JFK: Fifty Years Later, My Theory


National Archives

Today is the fiftieth anniversary anniversary of the Kennedy Assassination. There would be three more credible attempts on a president’s life afterward, none of them successful: Two on Gerald Ford and John Hinkley’s shooting of Ronald Reagan 100 years after the Garfield assassination. The Kennedy assassination, however, looms large in our national consciousness. Conspiracy theory after conspiracy theory abounds, including a questionable assertion from Watergate figure E. Howard Hunt that LBJ was in on it. (Most credible biographies and accounts of Lyndon Johnson suggest that our 36th president spent his entire term in office terrified that he was next. Wouldn’t you?)


LBJ Presidential Library

Part of this stems from Kennedy’s death existing in living memory. For instance, I read one of McBain’s 87th Precinct novels from the mid-1960’s where one of the bulls (Kling, I think) went into an American Legion post to ask questions. The veterans were all from the Spanish-American War (which ended before 1900). When it was written, most Americans had either served in World War II or had relatives who did. When I grew up (the 1970’s), World War II was still a big scary thing, and many adults younger than I am now looked still looked suspiciously at Germany and Japan. Now World War II is fading into history as old age claims more and more veterans every day. Korea is forgotten, but Vietnam is now grandpa’s war, and most of us wonder why we couldn’t duplicate the rapid victory of the Gulf War in 1991.

Likewise, Kennedy is in the memory of a large number of Americans, up there with the Challenger disaster, the Reagan shooting, and 9/11. So naturally, people have strong feelings on the matter. It’s inevitable that books and movies, particularly Oliver Stone’s JFK, would muddy the waters a bit.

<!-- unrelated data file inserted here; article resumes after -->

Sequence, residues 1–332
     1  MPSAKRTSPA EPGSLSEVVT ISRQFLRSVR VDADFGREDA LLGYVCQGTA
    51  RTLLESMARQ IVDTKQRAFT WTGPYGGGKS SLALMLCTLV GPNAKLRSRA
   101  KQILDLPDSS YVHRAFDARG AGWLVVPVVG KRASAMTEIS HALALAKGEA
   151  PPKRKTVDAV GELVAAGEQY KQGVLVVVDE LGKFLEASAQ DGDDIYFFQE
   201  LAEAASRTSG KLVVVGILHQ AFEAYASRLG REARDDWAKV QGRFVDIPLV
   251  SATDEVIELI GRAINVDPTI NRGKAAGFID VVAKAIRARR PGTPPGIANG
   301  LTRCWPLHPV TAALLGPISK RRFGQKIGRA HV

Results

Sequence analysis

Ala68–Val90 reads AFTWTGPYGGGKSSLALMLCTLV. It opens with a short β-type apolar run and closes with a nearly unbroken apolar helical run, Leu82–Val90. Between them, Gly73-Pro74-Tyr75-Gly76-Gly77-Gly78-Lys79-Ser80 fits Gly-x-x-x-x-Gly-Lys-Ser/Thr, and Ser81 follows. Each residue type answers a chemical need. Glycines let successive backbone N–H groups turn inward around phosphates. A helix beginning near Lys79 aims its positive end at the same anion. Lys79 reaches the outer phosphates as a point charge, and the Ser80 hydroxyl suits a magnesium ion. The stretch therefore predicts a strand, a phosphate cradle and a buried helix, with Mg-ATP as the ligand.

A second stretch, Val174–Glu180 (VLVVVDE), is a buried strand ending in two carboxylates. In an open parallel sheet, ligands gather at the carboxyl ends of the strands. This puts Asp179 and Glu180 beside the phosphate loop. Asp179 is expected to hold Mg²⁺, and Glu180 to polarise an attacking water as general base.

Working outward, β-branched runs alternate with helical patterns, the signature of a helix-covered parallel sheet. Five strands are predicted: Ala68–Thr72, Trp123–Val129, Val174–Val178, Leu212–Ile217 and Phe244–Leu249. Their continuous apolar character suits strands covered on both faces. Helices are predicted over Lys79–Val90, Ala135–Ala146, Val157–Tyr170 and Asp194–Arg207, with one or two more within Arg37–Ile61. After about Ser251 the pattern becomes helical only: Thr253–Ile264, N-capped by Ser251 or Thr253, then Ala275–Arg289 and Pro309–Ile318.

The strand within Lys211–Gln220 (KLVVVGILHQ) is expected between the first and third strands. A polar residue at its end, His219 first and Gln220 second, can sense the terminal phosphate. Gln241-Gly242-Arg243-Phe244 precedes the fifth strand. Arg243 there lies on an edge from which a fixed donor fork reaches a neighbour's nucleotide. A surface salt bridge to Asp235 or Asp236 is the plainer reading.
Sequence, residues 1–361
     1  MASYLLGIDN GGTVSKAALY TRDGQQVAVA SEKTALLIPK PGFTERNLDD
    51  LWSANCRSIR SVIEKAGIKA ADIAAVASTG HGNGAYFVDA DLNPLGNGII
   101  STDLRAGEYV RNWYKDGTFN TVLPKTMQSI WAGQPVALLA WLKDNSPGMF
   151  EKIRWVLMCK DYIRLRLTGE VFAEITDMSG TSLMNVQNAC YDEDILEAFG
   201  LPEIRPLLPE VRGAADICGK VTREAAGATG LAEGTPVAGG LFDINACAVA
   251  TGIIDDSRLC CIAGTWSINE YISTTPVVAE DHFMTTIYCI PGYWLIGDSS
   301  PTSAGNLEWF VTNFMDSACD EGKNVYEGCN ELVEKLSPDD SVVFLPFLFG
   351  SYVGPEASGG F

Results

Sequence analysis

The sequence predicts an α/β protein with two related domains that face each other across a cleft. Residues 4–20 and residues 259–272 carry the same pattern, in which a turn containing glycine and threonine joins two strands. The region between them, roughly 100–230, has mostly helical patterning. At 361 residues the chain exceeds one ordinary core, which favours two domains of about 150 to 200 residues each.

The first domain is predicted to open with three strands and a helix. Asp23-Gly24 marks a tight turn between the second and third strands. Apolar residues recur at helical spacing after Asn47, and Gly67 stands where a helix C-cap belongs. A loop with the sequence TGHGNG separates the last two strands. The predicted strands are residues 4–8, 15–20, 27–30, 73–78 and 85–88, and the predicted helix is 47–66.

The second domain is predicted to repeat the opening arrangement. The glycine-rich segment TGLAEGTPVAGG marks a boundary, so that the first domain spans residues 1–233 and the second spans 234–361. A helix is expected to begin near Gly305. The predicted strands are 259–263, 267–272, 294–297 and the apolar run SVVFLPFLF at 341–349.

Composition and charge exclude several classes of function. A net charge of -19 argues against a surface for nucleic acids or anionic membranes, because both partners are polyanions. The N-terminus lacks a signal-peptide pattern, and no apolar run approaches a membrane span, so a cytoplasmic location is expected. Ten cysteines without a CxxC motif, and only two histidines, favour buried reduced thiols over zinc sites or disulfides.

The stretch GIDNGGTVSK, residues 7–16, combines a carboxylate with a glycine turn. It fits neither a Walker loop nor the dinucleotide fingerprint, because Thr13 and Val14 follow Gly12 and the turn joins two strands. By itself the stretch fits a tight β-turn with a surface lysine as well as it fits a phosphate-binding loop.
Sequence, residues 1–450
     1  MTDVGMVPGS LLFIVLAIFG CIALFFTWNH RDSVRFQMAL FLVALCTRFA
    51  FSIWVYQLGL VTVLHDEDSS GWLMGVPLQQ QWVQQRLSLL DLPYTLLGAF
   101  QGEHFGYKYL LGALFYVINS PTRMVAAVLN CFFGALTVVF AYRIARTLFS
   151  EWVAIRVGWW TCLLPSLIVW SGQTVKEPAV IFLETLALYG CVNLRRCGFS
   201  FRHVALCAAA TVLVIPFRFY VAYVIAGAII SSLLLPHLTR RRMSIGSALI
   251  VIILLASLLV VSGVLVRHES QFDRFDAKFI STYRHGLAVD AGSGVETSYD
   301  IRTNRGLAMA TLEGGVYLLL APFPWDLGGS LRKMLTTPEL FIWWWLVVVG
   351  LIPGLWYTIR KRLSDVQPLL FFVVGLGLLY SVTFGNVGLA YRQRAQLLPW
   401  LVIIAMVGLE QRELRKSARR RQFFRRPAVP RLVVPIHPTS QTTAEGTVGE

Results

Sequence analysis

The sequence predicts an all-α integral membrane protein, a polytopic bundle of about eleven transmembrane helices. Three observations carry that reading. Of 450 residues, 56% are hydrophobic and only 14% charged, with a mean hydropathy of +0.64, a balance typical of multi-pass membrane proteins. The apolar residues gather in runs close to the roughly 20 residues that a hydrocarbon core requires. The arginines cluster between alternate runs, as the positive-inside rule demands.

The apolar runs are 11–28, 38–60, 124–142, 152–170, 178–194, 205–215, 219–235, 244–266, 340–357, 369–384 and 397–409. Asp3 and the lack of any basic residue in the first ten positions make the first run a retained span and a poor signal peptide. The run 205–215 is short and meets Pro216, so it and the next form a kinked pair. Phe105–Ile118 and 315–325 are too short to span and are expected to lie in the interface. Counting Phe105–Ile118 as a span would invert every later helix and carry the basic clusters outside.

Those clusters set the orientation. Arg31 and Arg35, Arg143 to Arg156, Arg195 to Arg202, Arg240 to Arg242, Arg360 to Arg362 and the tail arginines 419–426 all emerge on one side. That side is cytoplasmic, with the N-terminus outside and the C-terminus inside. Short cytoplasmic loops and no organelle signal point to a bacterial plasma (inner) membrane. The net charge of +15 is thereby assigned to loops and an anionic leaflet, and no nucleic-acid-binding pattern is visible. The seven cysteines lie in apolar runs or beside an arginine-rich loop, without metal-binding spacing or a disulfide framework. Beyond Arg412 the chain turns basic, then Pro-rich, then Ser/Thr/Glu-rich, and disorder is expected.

When I was younger, before I looked at why many of the theories got debunked, I believed there was someone on the infamous grassy knoll that shot Kennedy. What I also believed was this:

  1. Oswald acted alone, but missed.
  2. Oswald just happened to pick the same day someone else did to take a shot at the president.
  3. The shooting was a mob hit – an idea bolstered by Joseph Kennedy’s cozy relationship with the Mafia.
  4. When Oswald’s rifle was found an Oswald arrested, some mobsters probably did a happy dance having found a patsy to feed an angry FBI and Secret Service.
  5. Jack Ruby sealed the deal.

It’s possible, but I don’t believe it as strongly as I once did. At this point, it doesn’t matter to me now. Those responsible for both the killing and its aftermath are mostly dead. The repercussions have been supplanted by subsequent events and issues.

Still, it ended an era in America. I still feel robbed after all these years. Whoever was responsible (and anymore, I believe it was Oswald) stole from a large number of unborn Americans. For that, I have no forgiveness.